Management is the second piece

Beyond the ration, James cites management practices as another major player when it comes to getting heifers in the milking herd sooner. Poor condition can have an adverse effect on heifer health and could result in poor growth or decreased intakes. Because management can have such an impact on how soon your heifers meet their full potential, consider the following areas to focus your time:

• Weighing and measuring

Producers often overlook weighing and measuring heifers because it can be labor intensive. Even though it may take some extra work, having data that reflects how your heifers are doing can help chart the progress of your heifer-raising program, says James. Also, it can help you identify heifers that have reached 55 percent of their mature bodyweight so you know they are ready for breeding.


Some feed companies even offer tape and measure programs. These programs focus on comparing heifers fed different rations while identifying the right time for heifers to be bred. Consult your feed representative to discuss a similar program to record heifer growth.

• Facilities

Heifer facilities should promote labor efficiency in feeding and handling dairy heifers as well as facilitating safety to those handling heifers. Heifer facilities vary throughout the country depending on temperature and weather. For example, in the Southeast region of the United States, very little housing is offered to heifers because of mild temperatures. But in the Northeast, dairies must provide housing for heifers so they can continue to gain weight during colder winter months. Take into consideration where you’re located and how weather will affect heifer growth.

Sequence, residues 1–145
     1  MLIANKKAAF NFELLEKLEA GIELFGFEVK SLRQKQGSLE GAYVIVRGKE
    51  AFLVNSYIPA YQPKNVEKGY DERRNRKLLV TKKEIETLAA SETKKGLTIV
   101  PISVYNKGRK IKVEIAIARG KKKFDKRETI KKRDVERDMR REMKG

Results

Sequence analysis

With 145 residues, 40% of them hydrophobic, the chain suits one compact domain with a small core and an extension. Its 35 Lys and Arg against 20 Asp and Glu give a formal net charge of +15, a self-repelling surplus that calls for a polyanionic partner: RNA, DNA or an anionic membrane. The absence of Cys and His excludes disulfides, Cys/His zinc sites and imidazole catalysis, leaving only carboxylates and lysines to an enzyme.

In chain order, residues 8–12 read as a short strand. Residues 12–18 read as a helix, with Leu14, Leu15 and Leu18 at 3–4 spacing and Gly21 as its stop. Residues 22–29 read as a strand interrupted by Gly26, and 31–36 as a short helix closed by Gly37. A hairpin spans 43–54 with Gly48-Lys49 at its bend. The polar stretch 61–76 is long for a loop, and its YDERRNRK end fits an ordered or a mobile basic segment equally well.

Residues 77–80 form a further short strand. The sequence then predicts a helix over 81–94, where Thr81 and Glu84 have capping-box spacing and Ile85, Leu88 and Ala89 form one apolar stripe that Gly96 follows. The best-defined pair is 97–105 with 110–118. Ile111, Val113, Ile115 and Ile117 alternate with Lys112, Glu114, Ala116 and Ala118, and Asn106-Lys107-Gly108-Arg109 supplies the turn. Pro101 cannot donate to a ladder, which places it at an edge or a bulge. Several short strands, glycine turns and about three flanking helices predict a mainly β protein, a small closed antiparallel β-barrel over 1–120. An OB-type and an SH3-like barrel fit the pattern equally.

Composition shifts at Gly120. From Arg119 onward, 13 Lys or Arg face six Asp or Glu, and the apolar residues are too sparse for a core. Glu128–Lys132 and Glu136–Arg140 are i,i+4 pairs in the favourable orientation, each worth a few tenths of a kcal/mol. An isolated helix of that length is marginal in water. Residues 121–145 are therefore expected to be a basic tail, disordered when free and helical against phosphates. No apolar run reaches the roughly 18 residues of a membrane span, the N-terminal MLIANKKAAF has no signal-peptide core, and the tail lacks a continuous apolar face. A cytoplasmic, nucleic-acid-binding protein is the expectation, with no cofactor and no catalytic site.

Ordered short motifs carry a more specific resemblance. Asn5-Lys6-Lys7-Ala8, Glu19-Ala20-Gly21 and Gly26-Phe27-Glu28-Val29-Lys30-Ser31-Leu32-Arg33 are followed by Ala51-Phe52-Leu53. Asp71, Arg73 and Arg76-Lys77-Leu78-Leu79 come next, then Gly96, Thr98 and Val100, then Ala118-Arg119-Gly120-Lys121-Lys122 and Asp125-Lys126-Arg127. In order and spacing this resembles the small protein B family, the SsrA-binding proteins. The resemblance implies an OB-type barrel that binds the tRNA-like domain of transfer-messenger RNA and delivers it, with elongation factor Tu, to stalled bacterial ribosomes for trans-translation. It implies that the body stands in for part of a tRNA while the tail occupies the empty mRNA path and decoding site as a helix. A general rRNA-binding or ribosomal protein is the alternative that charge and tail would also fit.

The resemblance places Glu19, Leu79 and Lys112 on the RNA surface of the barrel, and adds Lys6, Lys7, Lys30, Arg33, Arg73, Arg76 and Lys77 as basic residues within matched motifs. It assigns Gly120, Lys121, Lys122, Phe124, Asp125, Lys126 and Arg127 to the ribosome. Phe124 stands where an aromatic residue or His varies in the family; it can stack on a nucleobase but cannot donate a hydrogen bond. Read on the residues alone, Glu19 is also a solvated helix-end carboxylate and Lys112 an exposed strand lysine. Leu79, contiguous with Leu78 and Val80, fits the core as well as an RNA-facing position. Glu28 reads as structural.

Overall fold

• Health

Heifer health is important to prevent disease, which can slow growth and delay pregnancies. Proper vaccination and treatment of disease can ensure healthy calves that are ready to join the milking string on time. Keeping heifers healthy can also lower death losses, so fewer replacements must be purchased to offset cull rates. Consult your veterinarian to discuss proper heifer vaccination programs.

When are heifers ready to be bred?

Producers commonly ask how to tell if their heifers are big or old enough for breeding. The National Research Council recommends that heifers are ready for breeding when they reach 55 percent of their mature bodyweight. Although some producers prefer to discuss heifer gain in terms of average daily gain (ADG), a percent of mature bodyweight spans all herds where breed, target weight and breeding goals may differ. The chart in Table 2 on page 46 is a guide for the weight heifers should reach before first breeding and at each calving to reach their proper mature weight.

According to University of Wisconsin Dairy Extension Specialist Pat Hoffman, skeletal measurements, such as hip and wither height, are also important to examine when it comes to the optimal breeding size. The charts in Table 3 are standards created by Hoffman that identify when heifers are ready for breeding.

Heifers are an expensive investment, but when well-managed, you’ll receive a profitable return. Providing proper nutrition and care for your heifers today can ensure they are ready to breed earlier and enter the milking herd sooner. PD

References omitted but are available upon request at